Parliament of the Weimar Republic

I know that in the Weimar republic the chancellor and other ministers of government sit in front of the members of parliament on the right side of the speaker but was the role of the people who sit to the left of the speaker?

Are they some sort of opposition/shadow cabinet?

1 Answer 1


Very good question and I am surprised that I as German needed to dig deeper into the stuff than anticipated. I tried to consult the German Wikipedia and the normal Google results, but got essentially nothing at first. I suppose it was self-evident schoolboy knowledge at their time and they did not bother to remark the function for following generations.

Finally I found it: enter image description here Reichstag 1903, Public Domain


Der große Sitzungssaal im Reichstagsgebäude (The big assembly hall of the Reichstag building).

  1. Tisch des Hauses (House table).
  2. Sitz des Reichskanzlers (Seat of Reich Chancellor)
  3. Sitz der Mitglieder des Bundesrates (Seats of the Bundesrat members)
  4. Sitz des Präsidenten (Seat of the President (of the Reichstag!))
  5. Sitz der Schriftführer (Seat of the Secretaries)
  6. Rednertribüne (Speakers platform)
  7. Sitz des amtlichen Stenographen (Seat of the stenographer)
  8. Journalistentribüne (Journalist lounge)
  9. Nein-Thüre ("No" door, "Thüre" is old German for "Tür").

It was the seats of the Bundesrat (1871-1918) / Reichsrat (1919-1933, just name change) which were members of the states of the Deutsches Reich.

More about the responsibilites of the Reichsrat here. While the Reichsrat itself resided in another building, its emissaries were present in the Reichstag on both sides of the central stage.

The seating order of the parties generally was mirroring their classification of left and right. At the most left the communists/SPD, at the most right the Centrum (conservatives)/NSDAP. enter image description here Seating order in Baden-Württemberg (not Reichstag!), Public Domain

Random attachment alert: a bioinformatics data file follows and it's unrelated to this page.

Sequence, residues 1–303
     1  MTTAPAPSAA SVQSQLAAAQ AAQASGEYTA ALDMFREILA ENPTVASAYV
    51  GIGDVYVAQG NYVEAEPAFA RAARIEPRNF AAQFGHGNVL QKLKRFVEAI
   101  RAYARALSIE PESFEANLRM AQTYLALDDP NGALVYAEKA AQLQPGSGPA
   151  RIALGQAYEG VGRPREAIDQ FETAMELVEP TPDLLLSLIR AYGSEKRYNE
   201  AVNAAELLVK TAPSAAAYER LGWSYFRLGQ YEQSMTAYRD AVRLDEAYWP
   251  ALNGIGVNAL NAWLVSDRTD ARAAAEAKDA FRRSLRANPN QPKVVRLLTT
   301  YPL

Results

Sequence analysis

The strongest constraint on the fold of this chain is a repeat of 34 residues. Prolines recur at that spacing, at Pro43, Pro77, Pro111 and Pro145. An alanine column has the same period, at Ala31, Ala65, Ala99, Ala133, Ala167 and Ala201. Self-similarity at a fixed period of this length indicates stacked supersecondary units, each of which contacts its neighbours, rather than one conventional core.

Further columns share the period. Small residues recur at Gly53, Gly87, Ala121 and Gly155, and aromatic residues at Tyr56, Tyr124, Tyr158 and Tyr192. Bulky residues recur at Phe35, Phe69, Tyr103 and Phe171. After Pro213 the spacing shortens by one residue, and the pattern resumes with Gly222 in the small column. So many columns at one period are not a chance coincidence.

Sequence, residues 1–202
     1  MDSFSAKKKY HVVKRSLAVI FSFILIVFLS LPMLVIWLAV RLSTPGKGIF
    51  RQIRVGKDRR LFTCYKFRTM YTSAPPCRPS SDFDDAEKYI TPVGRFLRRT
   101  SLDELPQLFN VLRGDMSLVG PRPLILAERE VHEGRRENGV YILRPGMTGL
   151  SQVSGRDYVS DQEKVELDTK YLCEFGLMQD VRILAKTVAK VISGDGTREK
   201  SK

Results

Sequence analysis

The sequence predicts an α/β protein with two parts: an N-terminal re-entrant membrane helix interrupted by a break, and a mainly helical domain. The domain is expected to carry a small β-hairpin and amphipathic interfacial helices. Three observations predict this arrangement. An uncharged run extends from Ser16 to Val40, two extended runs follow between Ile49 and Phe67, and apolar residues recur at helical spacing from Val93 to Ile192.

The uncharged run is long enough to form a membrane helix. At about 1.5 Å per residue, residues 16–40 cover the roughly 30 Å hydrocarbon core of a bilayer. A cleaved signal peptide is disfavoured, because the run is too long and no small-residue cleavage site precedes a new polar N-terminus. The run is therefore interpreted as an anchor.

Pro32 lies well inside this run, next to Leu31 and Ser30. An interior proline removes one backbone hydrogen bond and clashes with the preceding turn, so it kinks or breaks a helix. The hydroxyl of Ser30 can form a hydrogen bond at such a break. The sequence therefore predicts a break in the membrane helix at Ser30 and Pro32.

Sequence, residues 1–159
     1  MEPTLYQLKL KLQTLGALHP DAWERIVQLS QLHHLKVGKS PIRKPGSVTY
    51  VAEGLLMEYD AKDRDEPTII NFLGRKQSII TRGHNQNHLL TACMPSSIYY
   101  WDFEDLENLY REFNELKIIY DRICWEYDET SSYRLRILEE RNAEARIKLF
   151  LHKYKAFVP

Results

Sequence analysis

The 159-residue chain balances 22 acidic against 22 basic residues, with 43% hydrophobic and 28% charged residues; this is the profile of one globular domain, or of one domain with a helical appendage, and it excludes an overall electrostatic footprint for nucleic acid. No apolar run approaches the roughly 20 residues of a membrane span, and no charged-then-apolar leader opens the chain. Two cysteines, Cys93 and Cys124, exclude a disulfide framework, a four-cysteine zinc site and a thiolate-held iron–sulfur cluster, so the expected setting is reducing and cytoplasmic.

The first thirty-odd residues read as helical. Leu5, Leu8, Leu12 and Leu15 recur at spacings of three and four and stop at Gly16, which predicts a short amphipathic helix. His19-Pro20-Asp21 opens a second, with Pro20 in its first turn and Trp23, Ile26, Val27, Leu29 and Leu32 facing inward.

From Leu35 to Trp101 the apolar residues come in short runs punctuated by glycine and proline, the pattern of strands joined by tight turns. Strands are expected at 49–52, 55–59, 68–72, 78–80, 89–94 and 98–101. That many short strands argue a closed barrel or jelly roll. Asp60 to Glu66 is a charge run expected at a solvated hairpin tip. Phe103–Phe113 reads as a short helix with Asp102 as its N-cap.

Just to explain the description 9: The Reichstag had a special voting scheme where members of the Reichstag entered the hall through two doors, the "Yes" / "No" door. The procedure was called Hammelsprung (wether’s leap) and the architect Paul Wallot depicted Polyphemus stroking the sheeps back for "Yes" and the old German mountain fairie Rübezahl for "No".

Interestingly the seating order has not much changed for the current Bundestag. The only difference is that the state representatives are exclusively sitting on the left together with the Wehrbeauftragten, the Parliamentary Commissioner for the Armed Forces.

  • Just for curiosity for the people who upvoted: What did you like or find interesting on the question/answer? I am really surprised that the answer seems to gather much interest. Commented Mar 10, 2018 at 0:08
  • Your answer received lots of upvotes because 1) it's a good answer, and 2) this question hit Hot network Questions. ;) Enjoy the windfall.
    – jpmc26
    Commented Mar 10, 2018 at 0:29
  • @ThorstenS. it is well-stated answer that covers the question, and providing relevant additional supporting information without going out on a tangent. What more could one ask for ?
    – Criggie
    Commented Mar 10, 2018 at 2:13
  • The seating order of the parties generally was mirroring their classification of left and right. Or did their seating order influence the names of the classification left and right?
    – JAD
    Commented Mar 10, 2018 at 11:45
  • 2
    @JAD the left/right designation for parties came from the seating order in the first french national convention a hundred years earlier. I think from there it spread to other countries. Commented Mar 10, 2018 at 19:21

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